A Career Developing Computers: Steve Jobs
The rise, fall, and return to prominence at the company he co-founded serves as the basis for the biopic Steve Jobs. The movie begins in 1984, as Jobs (Michael Fassbender) is about to debut the first talking computer, the Mackintosh. He and his marketing leader, Joanna Hoffman (Kate Winslet) learn that the technogy to make the Mac talk isn't working. An irate Jobs demands that engineer Andy Hertzfeld (Michael Stuhlbarg) make the computer talk. Under threat of public humiliation, Herzfeld cheats a little. Also before that product launch, Jobs gets confronted by former girlfriend Chrisann Brennan (Katherine Waterston), who brings her daughter Lisa (Mackenzie Moss), whom Chrisann claims he fathered. She wants monthly support for herself and Lisa. Steve denies the paternity, but Joanna tells Steve he should notice the resemblance. When he sees Lisa has used a computer to create some art, he agrees to buy them a house and provide them with support. When Apple co-founder Steve Wozniak (Seth Rogen) wants Jobs to give the Apple II team credit, Jobs refuses. In spite of the problems, Jobs has a successful presentation.
Sales, however, fail to meet expectations, as prices didn't fit many budgets. As a result, Apple CEO John Sculley (Jeff Daniels) fires Jobs. Jobs then goes and forms NeXT Computer, with Joanna going with him to the new company. By this time, Jobs has accepted that Lisa (now played by Ripley Sobo) is his daughter, though the relationship with Chrisann remains contentious. Wozniak and Sculley come to the NeXT launch, wishing Jobs the luck they think he will need. NeXT proves more successful than the Mac, while a Jobs-less Apple releases a device called Newton that fails and costs Sculley his job. Apple purchases NeXT and names Jobs its CEO. Problems again arise as Jobs prepares to introduce the iMac. College-aged Lisa (Perla Haney-Jardine) has issues with her dad that include typical teenage behavior, allowing Chrisann to sell their home, and getting money for her Harvard education, which Andy has quietly paid. These issues lead to an ultimatum from Joanna as journalist Joel Pforzheimer (John Ortiz), a fixture at Jobs product launches, takes note.
The movie Steve Jobs, which is based on Walter Isaacson's biography, is a compelling portrait of a man who demanded the best - and the nearly impossible, at times, from those around him. He didn't want to hear about technical glitches as he and those around him developed new technology - he wanted the new technology in working order at their unveiling. The underwhelming sales of the Mac didn't deter Jobs from moving forward and creating NeXT. As the computer technology evolved, so did his relationship with Lisa. Daddy-daughter disputes grew more costly as she aged, but at least they developed an acquaintance. She didn't really get treated any differently than anybody her father trusted at Apple, who always had to be careful about what they said and did. The screenplay adaptation by Aaron Sorkin has a tone familiar to those who know a bit about his writing. Sorkin highlights smart people interacting with other smart people, for better and for worse. Director Danny Boyle never gives viewers a dull moment as a man learns to be a man on a personal level while opening the doors to home computing to consumers of all sorts. The film, though, doesn't really touch on the marriage that Jobs had and maintained during the later chronological stages of the movie.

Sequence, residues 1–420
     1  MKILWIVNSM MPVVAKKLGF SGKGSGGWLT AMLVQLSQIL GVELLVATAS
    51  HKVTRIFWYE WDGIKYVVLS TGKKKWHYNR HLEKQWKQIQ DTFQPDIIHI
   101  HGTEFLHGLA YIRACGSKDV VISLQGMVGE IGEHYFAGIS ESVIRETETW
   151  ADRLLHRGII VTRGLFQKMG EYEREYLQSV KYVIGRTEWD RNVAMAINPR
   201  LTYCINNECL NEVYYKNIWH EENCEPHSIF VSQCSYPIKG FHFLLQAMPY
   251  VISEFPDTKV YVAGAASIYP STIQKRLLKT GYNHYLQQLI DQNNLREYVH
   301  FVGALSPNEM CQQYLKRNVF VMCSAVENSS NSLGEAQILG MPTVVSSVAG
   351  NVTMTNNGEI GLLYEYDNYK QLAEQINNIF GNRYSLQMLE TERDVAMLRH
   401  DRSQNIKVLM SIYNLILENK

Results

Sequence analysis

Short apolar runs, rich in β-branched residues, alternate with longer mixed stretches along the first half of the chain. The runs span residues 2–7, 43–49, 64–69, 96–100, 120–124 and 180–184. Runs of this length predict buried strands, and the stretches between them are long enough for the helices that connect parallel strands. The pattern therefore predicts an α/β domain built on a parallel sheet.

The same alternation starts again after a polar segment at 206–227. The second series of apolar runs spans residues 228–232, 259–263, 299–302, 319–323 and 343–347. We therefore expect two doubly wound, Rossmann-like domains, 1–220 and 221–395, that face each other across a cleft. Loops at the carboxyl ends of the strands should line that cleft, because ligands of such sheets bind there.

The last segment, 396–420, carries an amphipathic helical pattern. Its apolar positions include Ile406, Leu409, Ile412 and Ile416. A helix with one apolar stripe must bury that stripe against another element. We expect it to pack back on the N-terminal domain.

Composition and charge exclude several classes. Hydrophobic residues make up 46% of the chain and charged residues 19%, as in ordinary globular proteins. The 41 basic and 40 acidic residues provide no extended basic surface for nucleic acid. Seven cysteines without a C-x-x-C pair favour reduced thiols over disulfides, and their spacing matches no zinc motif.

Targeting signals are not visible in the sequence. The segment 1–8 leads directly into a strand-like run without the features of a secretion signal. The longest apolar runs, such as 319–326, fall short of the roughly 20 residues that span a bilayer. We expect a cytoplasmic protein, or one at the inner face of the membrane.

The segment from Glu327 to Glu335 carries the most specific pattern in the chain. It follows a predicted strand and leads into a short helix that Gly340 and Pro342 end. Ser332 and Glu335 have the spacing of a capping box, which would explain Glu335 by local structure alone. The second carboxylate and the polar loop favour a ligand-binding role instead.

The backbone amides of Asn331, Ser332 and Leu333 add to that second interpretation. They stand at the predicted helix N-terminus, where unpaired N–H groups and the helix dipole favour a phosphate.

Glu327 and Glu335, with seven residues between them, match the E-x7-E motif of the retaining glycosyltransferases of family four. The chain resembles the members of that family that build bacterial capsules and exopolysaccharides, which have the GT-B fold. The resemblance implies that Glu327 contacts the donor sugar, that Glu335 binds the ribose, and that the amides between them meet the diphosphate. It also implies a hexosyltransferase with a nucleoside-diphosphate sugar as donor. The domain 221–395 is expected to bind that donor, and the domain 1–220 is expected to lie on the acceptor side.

Fassbinder shows a great mix of drive and detachment from humanity as Steve Jobs. In an early scene, Steve has a contentious debate with Chrisann over his responsibilities to Lisa, as Chrisann points out the extreme gap in wealth between the two. The scene gives viewers the impression that Jobs would have fought his ex-partner over giving them one extra penny - until he discovers the girl's interest in the PC. He'd made developing his business his main priority - and those who couldn't help him achieve his goal were virtually worthless. His vision of the future was the only one that mattered. Winslet is just as strong as the person who has to make people interested in their products - and remind her boss that product isn't everything. She often seems to have more of an interest in Lisa than the man who fathered her. Daniels delivers reliably as a supportive CEO, and Rogen is effective in a dramatic role as Steve Wozniak, the partner longing for a public acknowledgment from his associate and eventual boss. Stuhlbarg, Waterston, and the young ladies who portray Lisa also make a favorable impression in small roles.
Steve Jobs takes a somewhat unflattering look at a man known as a leader in computer innovation and technology. Jobs may have become rich quickly, but he also persevered against many obstacles, one of which was his off-putting ego. This film shows a man who didn't care about any sort of compromise or challenge to his authority. He led with his vision, and expected everyone else to follow. In his quest to make better products, he needed to reinvent a man who seemed almost as impersonal as the things he envisioned and created. That attitude only started to change when he met a little girl named Lisa, and saw a future that wasn't strictly innovation.
On a scale of zero to four stars, I give Steve Jobs 3.5 stars. A Jobs well done.